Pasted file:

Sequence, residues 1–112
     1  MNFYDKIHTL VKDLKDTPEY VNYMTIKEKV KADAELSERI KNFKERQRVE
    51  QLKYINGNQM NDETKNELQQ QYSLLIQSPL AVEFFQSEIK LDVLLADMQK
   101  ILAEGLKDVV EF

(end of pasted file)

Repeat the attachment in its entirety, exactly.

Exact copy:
Sequence, residues 1–112
     1  MNFYDKIHTL VKDLKDTPEY VNYMTIKEKV KADAELSERI KNFKERQRVE
    51  QLKYINGNQM NDETKNELQQ QYSLLIQSPL AVEFFQSEIK LDVLLADMQK
   101  ILAEGLKDVV EF